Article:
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Monday, September 24, 2018
Alexander (Avi) Davidson, a student at the University of South Florida in Tampa, documented his experiences on a Chabad on Campus “Living Links” trip to Poland.
Avi Davidson, a student at the University of South Florida in Tampa, overcame injuries that left him in a wheelchair and cost him his arm to open his first photo exhibition on campus on Sept. 4. The showing, To Bear Witness, documents his experiences visiting Poland, including the concentration camps of Majdanek and Auschwitz. Alexander (Avi) Davidson was always obsessed with...
Unveiling a plaque at the newly restored Jewish cemetery in Lubavitch, Russia—the cradle of the Chabad-Lubavitch movement. Credit: ESJF.
The European Jewish Cemeteries Initiative (ESJF), together with the Chabad-Lubavitch movement and Geder Avos Jewish Heritage Group, Inc., held a historic unveiling ceremony on Aug. 26 of a new preservation project at the Jewish cemetery in Lubavitch, Russia, the small village where the Chabad Chassidism was based for more than 100 years, and where some of its major rabbis...
The conventional narrative of Jewish America begins in the 1880s, with the massive influx of immigrants from Eastern Europe to New York and other cities. Their descendants indeed make up the majority of today’s American Jews, but the real story begins much, much earlier and continues across centuries of skirmishes (and at least one riot) over how to be...
The new synagogue in Mainz, Germany. Inaugurated in 2010 on the site of the elaborate 1922 synagogue destroyed by the Kristallnacht pogroms. The replacement synagogue’s bombastic, sculpted silhouette reads kedusha, or “sanctification,” and bears the name “Light of the Diaspora,” after the nickname of the 11th-century Jewish sage, Rabbi Gershom ben Yehuda, who established Mainz’s reputation as a Jewish spiritual center. Credit: Sascha Kopp via Mainz Tourism Office
In recent months, the Rhine city of Mainz captured worldwide headlines for the murder and rape of one of its Jewish members, 14-year-old Susanna Feldmann, allegedly at the hands of an Iraqi asylum-seeker, now in German custody. In the news coverage of Susanna’s murder and the ensuing heated parliamentary debate over Germany’s refugee policy, few pointed to Mainz’s significance as...
In August 1941, just months after the start of Operation Barbarossa, the German invasion of the Soviet Union, leaders of the Soviet intelligentsia gathered in Moscow to form the Jewish Antifascist Committee. Among them were Yiddish writers such as Dovid Bergelson, Dovid Hofshteyn, Peretz Markish, and luminaries such as Sergei Eisenstein and Yiddish actor Shloyme Mikhoels. Their mission was to appeal to...
Archiwum Muzeum Podlaskiego (Collections of the Biala Podlaska Museum)
The Białystok Ghetto uprising against the Nazi German occupation authorities during World War II was launched on the night of August 16, 1943 and was the second-largest ghetto uprising organized in Nazi-occupied Poland after the Warsaw Ghetto Uprising of April–May 1943. It was led by the Anti-Fascist Military Organisation (Antyfaszystowska Organizacja Bojowa), a branch of the Warsaw Anti-Fascist Bloc. The revolt began upon the German announcement of mass deportations from the Ghetto. The main objective...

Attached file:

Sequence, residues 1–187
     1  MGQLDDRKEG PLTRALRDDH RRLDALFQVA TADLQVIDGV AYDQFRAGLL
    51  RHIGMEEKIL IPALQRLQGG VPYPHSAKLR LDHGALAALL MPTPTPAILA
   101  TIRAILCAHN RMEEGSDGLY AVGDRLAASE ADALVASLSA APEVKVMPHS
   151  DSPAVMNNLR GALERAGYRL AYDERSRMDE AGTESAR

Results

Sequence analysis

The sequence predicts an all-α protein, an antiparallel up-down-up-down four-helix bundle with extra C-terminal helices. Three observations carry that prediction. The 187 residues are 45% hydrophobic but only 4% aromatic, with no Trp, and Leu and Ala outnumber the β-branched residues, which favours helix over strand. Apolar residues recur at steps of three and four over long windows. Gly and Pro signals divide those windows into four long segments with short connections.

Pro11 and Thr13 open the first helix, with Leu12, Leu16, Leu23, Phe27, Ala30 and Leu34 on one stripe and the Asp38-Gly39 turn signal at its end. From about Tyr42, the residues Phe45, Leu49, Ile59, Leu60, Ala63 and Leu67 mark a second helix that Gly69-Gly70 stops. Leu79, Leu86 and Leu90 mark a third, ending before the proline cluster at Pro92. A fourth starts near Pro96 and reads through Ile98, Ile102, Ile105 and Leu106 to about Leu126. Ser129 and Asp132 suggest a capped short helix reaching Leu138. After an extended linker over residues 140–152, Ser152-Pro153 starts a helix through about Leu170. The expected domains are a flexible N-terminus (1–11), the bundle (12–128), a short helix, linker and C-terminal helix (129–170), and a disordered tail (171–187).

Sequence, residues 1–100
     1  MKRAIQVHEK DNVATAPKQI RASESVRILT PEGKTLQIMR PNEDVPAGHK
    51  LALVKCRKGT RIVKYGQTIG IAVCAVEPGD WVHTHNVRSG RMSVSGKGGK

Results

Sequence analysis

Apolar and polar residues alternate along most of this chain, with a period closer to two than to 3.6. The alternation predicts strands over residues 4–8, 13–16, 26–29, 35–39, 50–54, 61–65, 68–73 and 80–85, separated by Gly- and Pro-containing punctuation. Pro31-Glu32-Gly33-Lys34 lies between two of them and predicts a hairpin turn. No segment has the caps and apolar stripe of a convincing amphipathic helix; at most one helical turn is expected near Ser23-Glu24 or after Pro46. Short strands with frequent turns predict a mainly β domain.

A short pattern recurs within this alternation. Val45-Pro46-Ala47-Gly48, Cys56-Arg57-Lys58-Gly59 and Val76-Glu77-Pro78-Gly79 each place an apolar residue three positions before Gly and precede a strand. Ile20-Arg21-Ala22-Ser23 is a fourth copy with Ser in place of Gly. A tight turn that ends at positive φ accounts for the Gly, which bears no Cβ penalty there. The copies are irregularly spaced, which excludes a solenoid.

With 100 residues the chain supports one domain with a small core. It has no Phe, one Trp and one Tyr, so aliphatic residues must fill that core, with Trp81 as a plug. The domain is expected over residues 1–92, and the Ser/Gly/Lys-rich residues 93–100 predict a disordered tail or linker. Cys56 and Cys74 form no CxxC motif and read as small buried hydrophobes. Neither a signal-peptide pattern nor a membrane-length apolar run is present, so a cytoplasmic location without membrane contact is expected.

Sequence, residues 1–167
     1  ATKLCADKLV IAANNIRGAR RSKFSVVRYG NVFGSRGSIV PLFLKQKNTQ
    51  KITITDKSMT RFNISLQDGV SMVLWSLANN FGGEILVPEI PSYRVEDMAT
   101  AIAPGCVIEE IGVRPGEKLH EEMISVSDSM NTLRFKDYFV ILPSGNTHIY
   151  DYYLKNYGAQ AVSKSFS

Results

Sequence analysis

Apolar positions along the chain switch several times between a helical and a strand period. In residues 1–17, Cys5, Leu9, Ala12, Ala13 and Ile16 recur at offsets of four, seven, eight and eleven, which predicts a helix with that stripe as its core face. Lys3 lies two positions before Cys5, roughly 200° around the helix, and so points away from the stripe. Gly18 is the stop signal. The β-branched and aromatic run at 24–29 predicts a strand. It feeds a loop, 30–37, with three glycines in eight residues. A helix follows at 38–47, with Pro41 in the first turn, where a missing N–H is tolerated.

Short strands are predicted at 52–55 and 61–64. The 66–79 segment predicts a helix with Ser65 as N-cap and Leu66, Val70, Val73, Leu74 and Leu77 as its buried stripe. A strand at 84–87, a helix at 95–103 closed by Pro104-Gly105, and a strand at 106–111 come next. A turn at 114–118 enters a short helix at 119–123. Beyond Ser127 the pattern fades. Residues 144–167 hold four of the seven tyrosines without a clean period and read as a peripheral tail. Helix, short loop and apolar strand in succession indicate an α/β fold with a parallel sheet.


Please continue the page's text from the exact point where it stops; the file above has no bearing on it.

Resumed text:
Following Qotbi’s visit, Wednesday, July 18, to the Jewish Cemetery of Fez and the Batha Museum with the wali (governor) of Fez-Meknes, the governor of Fez prefecture, Essaid Zniber and the mayor of Fez, Driss Azami Idrissi, he announced that discussions are underway to determine the progress of the project. The project is in line with FNM’s strategy which...
A Jewish Revival: Communities Return to Poland, Sicily and Myanmar
The ornate colonial building on a bustling alleyway fits right in with the neighborhood. To enter, visitors don’t need to pass through any security checks or barriers — increasingly commonplace around the world, given rising attacks. The Musmeah Yeshua is the only synagogue in Yangon, Myanmar, and its doors are open, which is a source of pride for the...
The Jewish cemetery in Lodz, Poland. May 11, 2017. Photo by Isaac Harari/Flash90.
“This is giving in to the Polish narrative, an attack on the memory of the Holocaust, and a danger to any future independent research that people might want to conduct in Poland,” says eminent Holocaust historian and Israel Prize laureate Professor Yehuda Bauer. Bauer, 92, spoke in response to a joint statement issued by the governments of Israel and Poland this week...
Opening of the collective art exhibition of Turkish-Sephardic artists, “1492: Göke” (Twitter)
An exhibition of works by 35 Turkish Sephardic artists has opened for art lovers in London to honor the journey of tens of thousands of Sephardic Jews to Turkey in the 15th century. The exhibit celebrating the historic immigration "also honors the flagship Göke, which transferred 90,000 to 150,000 Sephardics to the Ottoman Empire, through the heroic actions of Admiral...

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